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Hello,
I hope everyone is doing great. I need a help to solve an integration that linked with summation also. I will be very pleased if anyone can help me. The problem is in number 2. I am also giving the main file of the task.
Thanks
Faisal
Just looking, but I think your integral
is all constant terms that could be pulled out of the integral. the integral then evaluates to h_i and the summation should evaluate.
Following up.
(In the future, send a Mathcad file, not an xps.)
There were several places where vector lengths had to be adjusted to match.
Thank you very much for the help. Can you please mention why did you use the ( Ctrl+shift+^) for finding the solution or what is the name/use of the operator. I am trying to search the help file but since I don't know the name, I can't find it.
Faisal
"Cntrl+shift+^" is the vectorization operator (matrices/tables\operators) and results in the arrow over an expression, meaning, "do this operation on each element of the vectors separately." It results in a vector result.
Why did you think I hadn't used it?
That is also the reason I had to add elements to your vectors for z and h--all of the vectors in an expression have to be the same length or vectorization will crash.
I saw you have used but my question was what was the name of the operator....I just know the operator by its operator not the name....Thank you for your concern towards my problem
Hey Fred,
I am having a " No solution problem" with my Mathcad. I am attaching you the file. I will really appreciate if you can help me walk through it.
Thanks
Faisal
I'm running Prime 3.0. I cannot read 3.1 files. You can save as an XPS, and I can at least see. . .
You're trying for a symbolic solution.
Mathcad is primarily a numeric program.
Try writing Fn(P) = SI(P, 6 ft)+SC(P,6ft)-1in,
Then investigate the "root" function.
But start with this:
you have
which (I think) can be rewritten as:
by taking all of the "constants" (that don't depend on x and y) out of the integration. (note bB = B)
Then evaluate:
And your entire second term would disappear.
Thanks Fred. That helped me....
Hey Fred,
I don't know how to find a slope of a random set. I have attached the file. I will really appreciate if you can help me with it.
Thanks
Faisal
you've defined rho as a range variable. That's not a vector.
slope function works with vectors.
I did the same problem in two ways....but I am having different curvatures.......I don't know why is it happening cause in one case I mentioned as a range and in the other I mentioned as vector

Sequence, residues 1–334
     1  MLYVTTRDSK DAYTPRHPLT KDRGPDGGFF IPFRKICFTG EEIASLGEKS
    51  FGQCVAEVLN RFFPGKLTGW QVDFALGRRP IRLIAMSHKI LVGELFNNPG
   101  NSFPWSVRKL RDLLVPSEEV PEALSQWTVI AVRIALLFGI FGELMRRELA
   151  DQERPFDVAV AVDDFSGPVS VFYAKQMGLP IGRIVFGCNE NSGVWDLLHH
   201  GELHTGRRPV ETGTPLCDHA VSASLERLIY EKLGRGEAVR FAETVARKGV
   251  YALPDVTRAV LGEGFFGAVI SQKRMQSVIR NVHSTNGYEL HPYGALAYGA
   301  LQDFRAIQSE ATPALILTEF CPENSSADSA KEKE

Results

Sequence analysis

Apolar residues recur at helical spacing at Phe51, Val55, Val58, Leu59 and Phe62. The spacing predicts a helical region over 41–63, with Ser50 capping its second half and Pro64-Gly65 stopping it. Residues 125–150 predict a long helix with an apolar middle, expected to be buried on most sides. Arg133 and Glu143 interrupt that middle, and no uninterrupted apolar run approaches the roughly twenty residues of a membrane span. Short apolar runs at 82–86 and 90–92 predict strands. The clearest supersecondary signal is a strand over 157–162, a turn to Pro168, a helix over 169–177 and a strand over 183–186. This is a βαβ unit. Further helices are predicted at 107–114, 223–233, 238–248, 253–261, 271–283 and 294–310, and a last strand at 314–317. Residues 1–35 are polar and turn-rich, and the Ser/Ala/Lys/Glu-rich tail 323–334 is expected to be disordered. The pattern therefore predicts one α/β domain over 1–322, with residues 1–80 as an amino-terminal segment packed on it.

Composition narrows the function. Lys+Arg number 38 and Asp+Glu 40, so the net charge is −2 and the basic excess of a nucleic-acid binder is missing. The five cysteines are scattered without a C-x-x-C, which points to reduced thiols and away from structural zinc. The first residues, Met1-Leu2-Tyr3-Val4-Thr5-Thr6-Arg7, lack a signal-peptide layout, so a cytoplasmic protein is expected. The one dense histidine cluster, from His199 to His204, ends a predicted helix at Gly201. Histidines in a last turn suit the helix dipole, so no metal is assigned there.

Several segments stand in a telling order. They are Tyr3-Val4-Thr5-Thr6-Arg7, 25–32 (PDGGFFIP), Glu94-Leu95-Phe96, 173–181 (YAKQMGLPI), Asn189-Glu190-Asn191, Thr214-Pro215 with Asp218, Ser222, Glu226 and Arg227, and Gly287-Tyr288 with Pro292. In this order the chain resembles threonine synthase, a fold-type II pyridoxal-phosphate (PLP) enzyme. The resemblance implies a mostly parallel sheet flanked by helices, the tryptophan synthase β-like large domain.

Your expression blow up (division by zero) at v = 0.5
Can Poisson's ratio go that high?
yeah I know it does that's why I splitted the range to 0.3. But the problem is I ma having two different curvatures....one with a range and the other with a vector.....but surprisingly both are giving the same velocities which I yellow marked
Well, DUH!
You have a function
Whether you evaluate for the elements of a vector, or over a range variable it's going to give you the same answer. The expression that circled red on the second sheet did so because you were dividing by zero.
You asked about the slope function, which does not work on range variables.
I am attaching you the file that I wanted to show....you will notice that both curves have the same range of values......one in a range form and the other in a vector form ......although both are showing the same velocity value, they are showing different curvatures
Congratulations! I believe you've found a bug!
You're right!
And a good reason not to do this:
Thanks.....but it won't help me cause I need to solve the problem.....
Well, maybe it does.
I built a vector the usual way (using indices. Then I plotted all three, then I tried vectorized the range vector:
Fred Kohlhepp wrote:
Well, maybe it does.
I built a vector the usual way (using indices. Then I plotted all three, then I tried vectorized the range vector:
It has nothing to do with the way, the vector is created. It works also perfectly using the inline evaluation trick.
The problem was just the missing vectorization, which should always be done in cases like this, just to be on the safe side.
Fred Kohlhepp wrote:
Congratulations! I believe you've found a bug!
Or the problem arises because the function call with vn was not vectorized !?
If not vectorized, the product (1-ny)*(1-2 ny) is calculated as vector product and not element by element, as expected!
or that
Fred Kohlhepp wrote:
or that
Yes. It was only after adding my reply when I saw that you had found out the problem, too.
So we cannot blame the undocumented "vector := range = " trick 😉
Thanks a lot everyone......I really appreciate your time towards my concern